There is a Wikipedia page about her, at which one can read more about her.


Posted by on October 21, 2012 in America, Canada, religion, spirituality


9 responses to “Kateri Tekakwitha becomes North America’s first native saint

  1. chesterpoe

    October 21, 2012 at 11:40 am

    From the wiki article: “After her death, the people noticed a physical change. Cholenec later wrote, “This face, so marked and swarthy, suddenly changed about a quarter of an hour after her death, and became in a moment so beautiful and so white that I observed it immediately.””

    I never saw a dead Colored person and am not sure if they come to resemble Europeans in terms of skin color shortly after death. If that is not normal then perhaps we can interpret something out of this 😉 ?

  2. Will S.

    October 21, 2012 at 11:48 am

    Ha! 🙂

    The Mormons might agree; I’ve read that they originally taught that black people were that colour because of their sin, and if they stopped sinning, they’d turn white. 🙂

  3. ray

    October 21, 2012 at 3:05 pm

    see? we got a brand new Woman-Of-Color saint for you!

    you can add her as an adjunct to our female Redemptrix of Humanity! is that hip or what?

    Women Rule!

    check how relevant and progressive we are at the RCC…. heck she’s even got a cool, OWS type headband… so very neoSixties, so fresh, so fashionable, so forwardthinking, so felicitous upon the eyes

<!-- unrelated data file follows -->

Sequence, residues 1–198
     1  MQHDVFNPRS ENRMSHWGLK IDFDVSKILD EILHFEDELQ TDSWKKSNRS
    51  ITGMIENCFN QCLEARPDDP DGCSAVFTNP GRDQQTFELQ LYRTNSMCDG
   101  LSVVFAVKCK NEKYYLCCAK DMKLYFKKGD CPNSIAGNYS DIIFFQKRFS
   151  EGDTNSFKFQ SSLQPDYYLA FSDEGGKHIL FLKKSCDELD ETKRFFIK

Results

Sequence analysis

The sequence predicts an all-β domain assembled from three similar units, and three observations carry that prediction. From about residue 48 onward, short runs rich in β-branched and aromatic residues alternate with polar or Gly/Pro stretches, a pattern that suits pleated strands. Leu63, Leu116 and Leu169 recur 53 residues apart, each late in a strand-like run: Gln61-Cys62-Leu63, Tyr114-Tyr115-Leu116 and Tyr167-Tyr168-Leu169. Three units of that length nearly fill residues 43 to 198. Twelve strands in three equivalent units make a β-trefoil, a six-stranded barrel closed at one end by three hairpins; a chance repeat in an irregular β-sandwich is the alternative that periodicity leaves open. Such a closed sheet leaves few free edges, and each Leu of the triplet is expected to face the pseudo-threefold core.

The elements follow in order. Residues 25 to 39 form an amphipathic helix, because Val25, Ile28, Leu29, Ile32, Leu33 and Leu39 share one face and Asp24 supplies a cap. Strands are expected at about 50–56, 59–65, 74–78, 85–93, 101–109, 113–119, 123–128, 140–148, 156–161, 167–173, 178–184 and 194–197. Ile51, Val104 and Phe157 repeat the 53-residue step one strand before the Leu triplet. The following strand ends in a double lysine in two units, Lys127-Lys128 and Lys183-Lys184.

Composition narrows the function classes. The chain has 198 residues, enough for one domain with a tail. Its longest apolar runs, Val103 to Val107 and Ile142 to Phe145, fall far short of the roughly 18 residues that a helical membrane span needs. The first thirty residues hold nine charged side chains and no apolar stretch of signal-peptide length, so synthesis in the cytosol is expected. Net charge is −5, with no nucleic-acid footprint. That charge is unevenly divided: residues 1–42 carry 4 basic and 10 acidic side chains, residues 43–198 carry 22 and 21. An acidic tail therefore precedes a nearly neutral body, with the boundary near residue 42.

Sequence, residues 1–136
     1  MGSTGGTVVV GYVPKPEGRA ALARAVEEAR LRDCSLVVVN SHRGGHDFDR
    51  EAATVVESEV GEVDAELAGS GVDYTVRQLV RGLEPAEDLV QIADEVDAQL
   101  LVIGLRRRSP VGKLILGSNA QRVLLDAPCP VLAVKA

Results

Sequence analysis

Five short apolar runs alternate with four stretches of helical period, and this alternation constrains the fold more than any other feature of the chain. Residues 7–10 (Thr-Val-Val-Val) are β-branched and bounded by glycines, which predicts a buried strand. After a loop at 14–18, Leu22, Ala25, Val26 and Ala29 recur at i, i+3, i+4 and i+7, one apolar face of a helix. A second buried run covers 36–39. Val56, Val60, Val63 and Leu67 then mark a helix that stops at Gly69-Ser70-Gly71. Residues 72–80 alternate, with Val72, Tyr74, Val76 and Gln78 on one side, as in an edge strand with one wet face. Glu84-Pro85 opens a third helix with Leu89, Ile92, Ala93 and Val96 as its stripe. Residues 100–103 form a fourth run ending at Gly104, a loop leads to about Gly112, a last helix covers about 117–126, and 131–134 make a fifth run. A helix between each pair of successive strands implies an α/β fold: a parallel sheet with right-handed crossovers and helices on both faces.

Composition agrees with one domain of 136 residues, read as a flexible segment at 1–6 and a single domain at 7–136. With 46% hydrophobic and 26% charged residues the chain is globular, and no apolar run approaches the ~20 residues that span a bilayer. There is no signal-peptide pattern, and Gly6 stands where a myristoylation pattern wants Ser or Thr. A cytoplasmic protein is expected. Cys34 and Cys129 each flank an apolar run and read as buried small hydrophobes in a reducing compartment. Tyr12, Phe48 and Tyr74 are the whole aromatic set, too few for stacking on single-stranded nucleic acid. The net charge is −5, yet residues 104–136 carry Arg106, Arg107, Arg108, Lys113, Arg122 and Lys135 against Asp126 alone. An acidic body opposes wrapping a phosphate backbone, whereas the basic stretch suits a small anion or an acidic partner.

this’ll keep the women filling collection plates at the local parish!

    the RCC degrades Christ’s saints by trotting out their fake injun PC princess to tickle the conditioned biases of “new catholics”

    what bullshit

    hey benedict arnold, arent you late for your appointment with High Druid Rowan Williams, capo of the Church of England? send him my love, o podpeas

  4. Will S.

    October 21, 2012 at 3:13 pm

    @ ray: I’d like to think that the Vatican wasn’t moved by considerations of ‘political correctness’ and ‘diversity’ to do this, and that at the very worst, they were more concerned with PR with natives, due to residential school memories, etc., in terms of winning their affections back, rather than trying to score points with white liberals, or teh wimminz. I don’t even think that’s the case, myself, but if I were more cynical than I even am (hey, it’s possible), I might hold to such a view. But I think it’s genuinely due to the attribution of a miracle to her intervention, as is the usual requirement for canonization. Maybe I’m wrong.

  5. C.

    October 22, 2012 at 6:08 pm

    First native american CATHOLIC saint, you mean. St Peter the Aleut was formally recognized over thirty years ago.

    Of course if you read his story, you can see why Catholics might feel concerned about “PR”, as Will puts it.

  6. Will S.

    October 22, 2012 at 8:03 pm

    Thanks for the info. about St. Peter the Aleut; interesting.

  7. asinusspinasmasticans

    October 24, 2012 at 12:55 pm

    I can see why Catholics would be hesitant about St Peter. He was martyred by Jesuits in California when they called him a schismatic and tried to force him to convert.

    SS Peter and Kateri pray for us

  8. Will S.

    October 24, 2012 at 1:02 pm

    So you recognize Kateri as a saint, even though you’re E.O., asinusspinasmasticans?

  9. Will S.

    October 25, 2012 at 11:57 pm

    Prof. Hale thinks this canonization was purely political:

    As a non-Catholic myself, I find his take interesting.